Why smart trial lawyers start and finish their presentations with “bookends” and why you should too!

In my jury trials, I usually start off with calling my strongest witness to the stand. Someone who, through my direct examination, can clearly and persuasively testify as to the facts and details of my case. Doing this helps set my left bookend.

At the end of the case, which sometimes happens weeks after we start, I make sure to finish with another strong and powerful bookend. Specifically, the type of bookend that will leave a lasting emotional impact on my jury.

The formula to persuading 12 complete jurors is frankly, multi-layered and complicated. But at the top of my persuasion checklist is the concept of always starting and finishing with the correct left and right bookends.

The Bookend on the Left (facts and context)

The first bookend is one designed to establish facts, credibility, and trust. Starting with my first witness, I use him or her to explain the facts of my case. I keep things simple and don’t ask my jury to do anything other than listening to the evidence. I want to build rapport with my jury.

Sometimes, if I’m representing someone who was harmed by a very unlikeable defendant, I’ll call the defendant as my first witness and share certain facts and tell my client’s story through his direct examination. 
Each witness I call to the stand and each piece of evidence I introduce and talk about explains and describes the facts. I’m honest and don’t exaggerate the situation. I respect and avoid any unnecessary wasted time or inconvenience to my jury.

The Bookend on the Right (harm and emotions)

The second important bookend is all about showing and leaving my jury with a good understanding of the physical and emotional harm, loss and damages. The game plan is to make sure my last witness leaves nothing on the table, and his or her emotional testimony leaves my jury with a lasting impression as to the harm and impact of what the defendant did to my client’s life.

By using the right bookend correctly, at the end of the trial, the jury understands and appreciates how my client’s life has forever been changed by the wrongful and careless conduct of the bad defendant. They get it. They don’t feel as though my client or I are reaching for something that isn’t reasonable. Both the facts and harm make sense.

One more thought. I believe jurors tend to remember and focus on the last important thing they hear during a trial. Saving the emotionally focused right-side bookend for the end of the trial helps plant seeds that may be harvested later in the jury deliberation room.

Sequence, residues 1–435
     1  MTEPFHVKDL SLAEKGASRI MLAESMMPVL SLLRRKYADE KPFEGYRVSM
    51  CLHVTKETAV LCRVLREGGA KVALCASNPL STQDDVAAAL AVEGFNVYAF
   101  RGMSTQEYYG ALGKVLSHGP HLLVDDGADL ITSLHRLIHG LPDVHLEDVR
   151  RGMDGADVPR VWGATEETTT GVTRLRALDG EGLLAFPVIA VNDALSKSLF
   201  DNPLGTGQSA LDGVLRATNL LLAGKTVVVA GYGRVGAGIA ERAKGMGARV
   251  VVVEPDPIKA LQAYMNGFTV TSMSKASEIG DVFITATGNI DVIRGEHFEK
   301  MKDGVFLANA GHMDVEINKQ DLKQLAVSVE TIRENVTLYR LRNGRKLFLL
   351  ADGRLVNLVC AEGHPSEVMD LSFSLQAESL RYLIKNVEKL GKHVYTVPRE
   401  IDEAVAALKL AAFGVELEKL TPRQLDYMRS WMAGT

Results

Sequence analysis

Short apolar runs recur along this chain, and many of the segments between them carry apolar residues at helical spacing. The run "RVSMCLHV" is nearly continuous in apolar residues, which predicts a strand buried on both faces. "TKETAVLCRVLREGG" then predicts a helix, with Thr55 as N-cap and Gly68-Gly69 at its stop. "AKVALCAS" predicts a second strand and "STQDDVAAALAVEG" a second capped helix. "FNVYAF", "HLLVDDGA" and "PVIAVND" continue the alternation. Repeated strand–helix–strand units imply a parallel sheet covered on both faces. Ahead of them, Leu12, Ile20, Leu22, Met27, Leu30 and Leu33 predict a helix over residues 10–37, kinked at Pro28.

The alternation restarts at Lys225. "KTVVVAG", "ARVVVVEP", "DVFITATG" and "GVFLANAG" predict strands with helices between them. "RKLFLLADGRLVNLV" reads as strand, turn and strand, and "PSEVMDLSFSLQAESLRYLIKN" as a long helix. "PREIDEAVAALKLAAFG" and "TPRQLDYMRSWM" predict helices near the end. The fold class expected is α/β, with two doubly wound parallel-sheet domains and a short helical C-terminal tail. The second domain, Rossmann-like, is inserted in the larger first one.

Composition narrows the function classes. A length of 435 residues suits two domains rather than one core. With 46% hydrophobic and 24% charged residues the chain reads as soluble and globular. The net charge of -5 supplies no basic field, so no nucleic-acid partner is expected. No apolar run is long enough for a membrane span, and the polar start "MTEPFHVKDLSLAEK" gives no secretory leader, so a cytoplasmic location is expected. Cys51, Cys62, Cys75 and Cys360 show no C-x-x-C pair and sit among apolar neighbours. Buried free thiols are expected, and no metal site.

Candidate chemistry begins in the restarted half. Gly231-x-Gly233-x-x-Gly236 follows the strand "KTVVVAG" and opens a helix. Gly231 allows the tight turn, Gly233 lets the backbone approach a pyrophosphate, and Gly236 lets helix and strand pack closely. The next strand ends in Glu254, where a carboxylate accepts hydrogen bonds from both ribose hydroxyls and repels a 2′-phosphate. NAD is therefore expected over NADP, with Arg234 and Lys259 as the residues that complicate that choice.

For all of these reasons, if I flipped things around and instead started my trial with the right bookend first, the emotional and harm arguments just wouldn’t have any impact or credibility. The jury wouldn’t have the right context to properly absorb the information and appreciate the harm and loss.

Outside of the Courtroom

You can do the same thing when you’re making a presentation to a single person or large audience.

It’s important to start with the left bookend to build a relationship based upon the facts, credibility, and trust. Sharing details is critical. Being transparent and the first to acknowledge the strengths and weaknesses of your product or service will allow you to earn the respect and trust of your audience.

While you’re doing this, you need to keep the attention of your audience. Attention spans are short in today’s fast-paced digital world, and people will quickly tune you out. Avoid this from happening by presenting facts using short and pithy stories, diagrams, pictures, and videos. Keep things interesting and accurate.

After you have shared all the necessary facts and established yourself as the person in the room or on the stage that everyone can trust, then and only then should you pull out and use the right bookend. But once you do, don’t hold anything back. Share the emotional side of your presentation and finish with your specific and unambiguous call to action.

Conclusion

Persuasion is a process starting with two properly placed and utilized bookends. The left bookend is all about facts, details, and building rapport. The right bookend is focused on emotion, harm, and call to action.

Start your presentation off with the left bookend and use the first part of your sales pitch or presentation to share facts and details. Earn the trust of your audience by being the first to share negative issues. Don’t highlight them but do bring them up and then move on. Become the trusted advisor and expert in the room.

Once you’ve completed this first step, continue with your presentation and at the end, show them the right bookend. Take things to the next level and start to focus on the more subjective emotional aspect of your presentation and finally, your call to action.

Always bring both bookends to your presentation and try not to get them mixed up. Be patient and let your audience digest and appreciate the facts before asking them to fix the harm, right the wrong, or follow your call to action.

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Mitch Jackson is an award-winning California Trial Lawyer and in 2013 was named one of California’s Litigation Lawyers of the Year. In 2009 he was also recognized as one of Orange County’s Trial Lawyers of the Year. When he’s not in court trying cases, Mitch enjoys showing professionals, business owners, and entrepreneurs how to become better communicators and use social media and live streaming to disrupt, hack and improve their professional relationships, businesses and practices.

Connect with Mitch on Twitter @MitchJackson and at his law firm JacksonandWilson.com. Mitch’s live streaming videos are shared at Streaming. Lawyer and his popular weekly talk shows are TheShow.live and LawandOrder.live